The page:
Rating: 1/5. Except for the relatively uninteresting appearance, all the descriptions are just ways of saying "they have a society with obvious flaws." There's nothing interesting or distinct about them at all.

915. Roonans. Roonans basically look like wrinkly greys. They apparently have trouble forgiving little bitty mistakes.

Rating: 3/5. Because frankly, greys who fly off the handle at the drop of a hat sound kind of great.

916. Roonat. Their language is squeaky. Or something.

Rating: 1/5.

917. Ropagu. The Ropagu are "near-humans" ([insert standard "that doesn't mean anything" rant here]) who look vaguely like they're supposed to be "oriental people aliens." (One of them was a Gengis Khan-inspired local warlord from the Droids cartoon; there was no indication whatsoever he wasn't supposed to be human.)

This is not the first time this has come up.

I am willing to ignore this horrible status and pretend they're really just humans because 1) they live with and peacefully coexist with the Kalduu, awesome floating telepathic jellyfish, and 2) they have a Great Library which has recorded history going back ten thousand years, and even though it focuses on their homeworld's history, that sounds like it could easily be handy in a story.

Rating: 2/5. It would be, like, 4/5 if it weren't for the whole racism thing.

918. Roshans. Apparently, they wanted to make a trade agreement with their neighbors at some point, but the Galactic Empire didn't let them.

Rating: 1/5. That wacky Empire...

919. Rseikharhls. The Rseikharhls (did I seriously type that twice with no problems?) are in charge of law enforcement in the Rseik sector (named for their home system, the Rseik system), and in order to perform the job efficiently, they designed a type of droid to do law enforcement work.

Ten years and 22,000 arrests later (the number feels much too small for a sizable chunk of the Star Wars galaxy, suggesting at least one writer is really bad at math or perhaps thought he was writing some Star Trek stuff), the droid model in question had done its work without incurring a single accidental fatality, and the galaxy at large became deeply interested in acquiring these droids. Even the Galactic Empire was impressed enough that, despite its pro-human/anti-non-human policies, it let them keep doing what they were doing.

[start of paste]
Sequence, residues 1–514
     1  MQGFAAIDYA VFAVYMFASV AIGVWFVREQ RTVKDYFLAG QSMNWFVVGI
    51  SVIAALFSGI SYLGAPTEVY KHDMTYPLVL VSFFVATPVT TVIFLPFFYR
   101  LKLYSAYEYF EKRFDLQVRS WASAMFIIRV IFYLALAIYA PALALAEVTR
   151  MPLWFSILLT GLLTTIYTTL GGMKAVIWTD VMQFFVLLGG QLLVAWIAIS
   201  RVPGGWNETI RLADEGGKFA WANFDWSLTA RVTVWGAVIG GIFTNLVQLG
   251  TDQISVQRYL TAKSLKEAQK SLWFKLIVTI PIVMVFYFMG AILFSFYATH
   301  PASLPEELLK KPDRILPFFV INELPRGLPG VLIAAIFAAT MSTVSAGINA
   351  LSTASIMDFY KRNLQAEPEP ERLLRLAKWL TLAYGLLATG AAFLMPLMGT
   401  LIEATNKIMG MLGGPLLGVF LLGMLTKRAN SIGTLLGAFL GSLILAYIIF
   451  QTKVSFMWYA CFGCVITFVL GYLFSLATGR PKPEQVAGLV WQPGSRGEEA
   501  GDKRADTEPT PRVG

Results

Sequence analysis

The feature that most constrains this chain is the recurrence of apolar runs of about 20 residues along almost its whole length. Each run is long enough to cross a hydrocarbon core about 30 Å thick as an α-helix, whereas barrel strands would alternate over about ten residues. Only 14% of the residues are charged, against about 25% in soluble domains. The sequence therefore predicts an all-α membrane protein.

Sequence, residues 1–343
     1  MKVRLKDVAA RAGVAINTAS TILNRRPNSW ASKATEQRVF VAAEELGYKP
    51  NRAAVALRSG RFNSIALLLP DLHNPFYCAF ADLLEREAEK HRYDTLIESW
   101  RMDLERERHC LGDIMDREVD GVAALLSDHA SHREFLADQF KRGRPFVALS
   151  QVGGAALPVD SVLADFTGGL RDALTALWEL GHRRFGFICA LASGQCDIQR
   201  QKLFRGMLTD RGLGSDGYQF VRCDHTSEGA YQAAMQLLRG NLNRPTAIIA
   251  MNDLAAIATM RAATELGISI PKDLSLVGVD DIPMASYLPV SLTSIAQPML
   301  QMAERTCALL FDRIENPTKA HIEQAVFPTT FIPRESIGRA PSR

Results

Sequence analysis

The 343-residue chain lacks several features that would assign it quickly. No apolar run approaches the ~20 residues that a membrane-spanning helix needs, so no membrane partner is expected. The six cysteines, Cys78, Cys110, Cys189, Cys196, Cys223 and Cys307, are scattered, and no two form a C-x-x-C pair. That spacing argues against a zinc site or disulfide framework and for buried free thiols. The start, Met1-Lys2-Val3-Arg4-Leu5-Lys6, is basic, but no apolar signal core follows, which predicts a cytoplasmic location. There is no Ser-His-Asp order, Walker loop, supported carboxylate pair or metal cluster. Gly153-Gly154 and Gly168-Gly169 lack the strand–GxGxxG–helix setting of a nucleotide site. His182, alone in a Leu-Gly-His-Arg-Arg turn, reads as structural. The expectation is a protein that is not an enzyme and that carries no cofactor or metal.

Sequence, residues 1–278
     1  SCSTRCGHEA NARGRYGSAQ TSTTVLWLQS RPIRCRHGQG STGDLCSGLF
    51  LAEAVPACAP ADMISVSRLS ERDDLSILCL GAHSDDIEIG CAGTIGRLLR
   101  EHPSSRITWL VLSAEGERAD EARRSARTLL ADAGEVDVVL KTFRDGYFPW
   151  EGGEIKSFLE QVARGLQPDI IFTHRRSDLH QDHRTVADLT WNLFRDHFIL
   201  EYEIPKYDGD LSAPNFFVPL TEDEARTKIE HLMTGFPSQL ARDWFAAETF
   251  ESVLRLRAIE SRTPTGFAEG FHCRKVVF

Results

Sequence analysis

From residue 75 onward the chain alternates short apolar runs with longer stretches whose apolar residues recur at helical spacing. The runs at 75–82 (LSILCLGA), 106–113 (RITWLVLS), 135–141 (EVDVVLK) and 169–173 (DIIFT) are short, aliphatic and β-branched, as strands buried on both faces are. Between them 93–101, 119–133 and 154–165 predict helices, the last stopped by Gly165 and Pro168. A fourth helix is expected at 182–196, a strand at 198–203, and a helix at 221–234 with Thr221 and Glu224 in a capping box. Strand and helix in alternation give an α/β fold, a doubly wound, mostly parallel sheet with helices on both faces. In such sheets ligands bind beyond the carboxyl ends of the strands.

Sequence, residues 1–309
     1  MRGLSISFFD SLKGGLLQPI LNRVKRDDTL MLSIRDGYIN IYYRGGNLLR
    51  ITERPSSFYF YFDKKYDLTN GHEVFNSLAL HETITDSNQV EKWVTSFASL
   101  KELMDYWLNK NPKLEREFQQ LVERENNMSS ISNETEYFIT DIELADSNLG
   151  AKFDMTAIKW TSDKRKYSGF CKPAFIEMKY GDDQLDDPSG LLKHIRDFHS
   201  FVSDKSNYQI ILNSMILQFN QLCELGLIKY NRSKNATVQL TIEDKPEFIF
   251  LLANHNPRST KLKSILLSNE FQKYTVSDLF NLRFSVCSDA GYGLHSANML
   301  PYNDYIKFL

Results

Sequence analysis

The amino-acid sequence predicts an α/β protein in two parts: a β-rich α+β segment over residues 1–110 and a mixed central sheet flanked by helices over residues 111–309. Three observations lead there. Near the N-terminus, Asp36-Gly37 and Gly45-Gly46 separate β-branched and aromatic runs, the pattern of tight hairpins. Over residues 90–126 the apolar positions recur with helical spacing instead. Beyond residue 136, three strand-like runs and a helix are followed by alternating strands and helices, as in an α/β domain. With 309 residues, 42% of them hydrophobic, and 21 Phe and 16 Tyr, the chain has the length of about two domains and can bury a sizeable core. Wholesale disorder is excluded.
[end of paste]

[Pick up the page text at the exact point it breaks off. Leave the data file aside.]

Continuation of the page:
Ironically enough, the law enforcement droids apparently fetch high prices on the black market.

Rating: 4/5. This is fantastic, even if the numbers are stupid. I like their snarly name, too.

920. Rughja. Rughja apparently have mauve skin, fifteen appendages, and a largish number of eyes. They apparently look like tangly and vaguely incomprehensible messes of limbs to members of most species.

Rughja can apparently play a very large number of instruments simultaneously, and so there is at least one well-known group of Rughja performers, Umjing Baab and His Swinging Trio (in this case, the Swinging Trio including Baab himself). However, they can't sing for human enjoyment because their voices are inaudibly high. In order to communicate with humans, they need some form of translator.

Rating: 3/5. A reasonably interesting little alien design, even if such a design is prone to making all characters of significance from the species musicians to the point of a daft cultural obsession.

-Signing off.